The Palestinian refugee crisis

Originally published by Max Skidelsky at on 4.22.18.
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In 1948, Israel declared independence—immediately thereafter, Arab armies declared war and invaded the Jewish state, sparking the first Arab-Israeli War. The result was a resounding Israeli victory, leading to Arab aggression in other major wars throughout the 20th century.

The 1948 War also created the Palestinian refugee crisis—the right for these refugees to return to their homes was a central issue for Arab states. The violent riots staged by Hamas in Gaza the past few weeks were claimed to be protesting for this right.

Origin of the Issue

During the war, Israeli forces expelled Palestinians to take control of strategic areas vital to the war effort. By 1949, an estimated 700,000 Palestinians had been expelled or fled—including approximately 100,000 who fled before the war, as well as many others who chose to leave even after hostilities ended.

The precise number of refugees, as well as definitive reasons for their exodus, is sharply disputed. Available data on Palestinian refugees is lacking due to the absence of a comprehensive registration system and conflicting reports

After the war, Israel offered to repatriate some of the refugees, but Arabs rejected all compromises since they required recognition of Israel. Arabs also rejected a UN resolution calling on states to solve the refugee problem because it required all parties “to live in peace with their neighbors.” Instead, they made repatriation a precondition for negotiations, something Israel rejected.

Arab governments strongly opposed naturalization of Palestinian refugees and severely restrict their civil rights to show them as symbols of Israeli oppression (even though refugees outside Israel are not subject to Israeli policy).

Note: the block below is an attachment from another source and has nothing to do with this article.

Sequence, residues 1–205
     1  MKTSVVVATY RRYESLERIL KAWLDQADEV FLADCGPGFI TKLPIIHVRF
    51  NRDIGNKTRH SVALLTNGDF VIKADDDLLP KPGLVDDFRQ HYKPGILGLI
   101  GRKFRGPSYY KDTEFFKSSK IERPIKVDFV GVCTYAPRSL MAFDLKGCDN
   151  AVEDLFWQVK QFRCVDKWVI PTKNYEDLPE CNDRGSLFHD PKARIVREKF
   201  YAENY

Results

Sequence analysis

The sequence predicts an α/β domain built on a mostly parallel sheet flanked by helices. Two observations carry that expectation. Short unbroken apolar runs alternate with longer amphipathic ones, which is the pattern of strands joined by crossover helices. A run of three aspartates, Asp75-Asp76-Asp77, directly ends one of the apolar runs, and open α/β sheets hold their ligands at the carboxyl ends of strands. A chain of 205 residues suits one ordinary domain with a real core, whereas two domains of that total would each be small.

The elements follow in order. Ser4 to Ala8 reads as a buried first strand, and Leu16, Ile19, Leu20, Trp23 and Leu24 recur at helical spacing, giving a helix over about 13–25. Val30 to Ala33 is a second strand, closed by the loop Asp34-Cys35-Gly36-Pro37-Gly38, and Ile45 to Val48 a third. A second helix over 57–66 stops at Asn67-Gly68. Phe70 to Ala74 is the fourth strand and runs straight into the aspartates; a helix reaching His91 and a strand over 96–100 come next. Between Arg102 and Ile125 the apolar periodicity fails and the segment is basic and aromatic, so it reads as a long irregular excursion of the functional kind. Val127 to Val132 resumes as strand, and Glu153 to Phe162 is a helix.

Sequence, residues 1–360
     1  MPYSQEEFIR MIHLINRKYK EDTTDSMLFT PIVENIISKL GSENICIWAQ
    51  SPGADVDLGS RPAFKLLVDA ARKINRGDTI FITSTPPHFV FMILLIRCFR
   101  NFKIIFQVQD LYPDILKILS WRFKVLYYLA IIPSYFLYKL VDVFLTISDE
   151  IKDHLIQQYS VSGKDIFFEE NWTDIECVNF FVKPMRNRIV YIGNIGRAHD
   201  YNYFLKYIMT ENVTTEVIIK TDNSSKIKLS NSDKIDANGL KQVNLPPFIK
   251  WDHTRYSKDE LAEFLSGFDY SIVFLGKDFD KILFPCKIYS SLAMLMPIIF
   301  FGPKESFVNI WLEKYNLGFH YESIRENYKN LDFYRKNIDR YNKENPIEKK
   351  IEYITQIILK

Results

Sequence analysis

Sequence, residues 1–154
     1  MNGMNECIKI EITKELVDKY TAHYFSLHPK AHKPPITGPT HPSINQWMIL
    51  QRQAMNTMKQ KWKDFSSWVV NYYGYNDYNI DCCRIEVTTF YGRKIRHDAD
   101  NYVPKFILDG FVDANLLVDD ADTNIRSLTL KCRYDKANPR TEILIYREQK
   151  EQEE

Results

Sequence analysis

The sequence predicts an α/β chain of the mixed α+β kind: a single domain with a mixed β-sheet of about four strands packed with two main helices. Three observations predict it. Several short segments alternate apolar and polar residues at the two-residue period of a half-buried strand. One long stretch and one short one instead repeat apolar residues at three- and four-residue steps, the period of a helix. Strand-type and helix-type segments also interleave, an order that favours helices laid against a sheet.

International Attitudes and Status

While refugees across the world receive support under the UN High Commissioner for Refugees, the Palestinians received their own relief organization. Established in 1949, the UN Relief and Works Agency (UNRWA), among other UN institutions to support Palestinians, work to provide stability. However, watchdog groups have warned about UNRWA schools in Gaza being used to store munitions for Hamas, and other UN institutions providing funding or supplies.

Initially, the U.S. and Israel outspend Arab pledges to the UNRWA for decades. In 2016, the U.S. provided nearly $400 million in funding to UNRWA, making it the single largest donor. Arab governments largely refrained from contributing to UNRWA budget to keep the Palestinian refugee issue on the international agenda and to press Israel to accept responsibility for them.

The refugee crisis remains an issue because the criteria for qualifying a Palestinian refugee was (and still is) significantly different than the criteria applicable to all others. In fact, no Palestinian has ever lost refugee status—since descendants of refugees are included in the tabulation (regardless of whether the individual is settled), the refugee population will continue to grow without end. Even total repatriation would not rescind the status of these refugees.

Regarding Palestinian refugees from 1948 and 1967 under the traditional definition, approximately 30,000-50,000 are still alive. However, there are a nearly seven million descendants of refugees worldwide—Hamas presses for a full right of return for all these Palestinians, intent on destroying the Jewish character of Israel, though many have never lived there or owned property there.

The Palestinian right of return is rooted in the sense of national attachment, as well as an individual claim to private property. However, given the realities since 1948, much of the property since 1948 has either been destroyed or inhabited by others born in the area.

Israel has proposed instead to accommodate resettlement in a future Palestinian state as part of a final deal, but Palestinian negotiators have stated that the Palestinian refugee problem, among others, is key in Israeli-Palestinian negotiations, and a “red line” which they are not allowed to cross. The solution to the Palestinian refugee problem mainly depends on the peace process. Arab countries also play an important role and their cooperation is vital to the resolution of this issue.

This is an opinion piece and does not reflect the views of The Rival.

CurrentMax Skidelsky